MQTT is an asymmetric protocol, whereas HTTP or HTTPS is a nonsymmetric protocol. Say node A needs to communicate with node B. An asymmetric protocol between A and B would only require one side (A) to use the protocol, however, all information needed for the reassembly of packets must be contained in the fragmentation header sent by A.
Asymmetric systems have one master and one slave. In a symmetric protocol, both A and B would have the protocol installed. A or B can assume the role of master or slave (telnet being a primary example). MQTT has distinct roles which makes sense in sensor/cloud topology.
MQTT defines an optional facility called Last Will and Testament (LWT). The LWT contains the Last Will topic, QoS, and the actual message. If a client disconnects from a broker connection ungracefully the broker is then obligated to broadcast the LWT message to all other subscribed clients to that topic.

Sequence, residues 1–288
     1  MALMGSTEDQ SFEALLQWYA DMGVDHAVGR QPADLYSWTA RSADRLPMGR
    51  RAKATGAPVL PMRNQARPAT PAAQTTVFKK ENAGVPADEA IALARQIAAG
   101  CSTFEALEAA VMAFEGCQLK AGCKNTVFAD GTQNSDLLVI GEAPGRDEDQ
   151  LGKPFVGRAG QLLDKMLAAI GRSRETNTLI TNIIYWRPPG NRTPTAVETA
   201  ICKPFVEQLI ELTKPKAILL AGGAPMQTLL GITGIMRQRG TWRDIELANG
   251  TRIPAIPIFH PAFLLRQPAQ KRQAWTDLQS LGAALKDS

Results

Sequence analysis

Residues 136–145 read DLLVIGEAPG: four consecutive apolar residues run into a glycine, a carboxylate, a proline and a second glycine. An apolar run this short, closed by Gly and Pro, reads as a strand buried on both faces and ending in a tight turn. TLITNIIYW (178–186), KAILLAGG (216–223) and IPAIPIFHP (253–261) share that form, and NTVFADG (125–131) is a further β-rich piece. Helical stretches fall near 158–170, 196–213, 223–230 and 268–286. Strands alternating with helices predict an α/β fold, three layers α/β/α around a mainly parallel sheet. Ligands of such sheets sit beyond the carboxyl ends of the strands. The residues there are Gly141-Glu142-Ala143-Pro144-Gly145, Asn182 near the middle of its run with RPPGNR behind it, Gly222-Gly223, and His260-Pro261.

Even though MQTT is based on TCP, connections can still be lost, especially in a wireless sensor environment. A device may lose power, lose signal strength, or simply crash in the field, and a session will enter a half-open state. Here, the server will believe the connection is still reliable and expect data.
To remedy this half-open state, MQTT uses a keep-alive system. Using this system, both the MQTT broker and client have assurance that the connection is still valid even if there hasn't been a transmission for some time. The client sends a PINGREQ packet to the broker, which in turn acknowledges the message with a PINGRESP. A timer is preset on the client and broker side. If a message has not been transmitted from either within a predetermined time limit, a keep-alive packet should be sent. Both a PINGREQ or a message will reset the keep-alive timer.
More details on the MQTT can be found here: http://docs.oasis-open.org/mqtt/mqtt/v3.1.1/os/mqtt-v3.1.1-os.pdf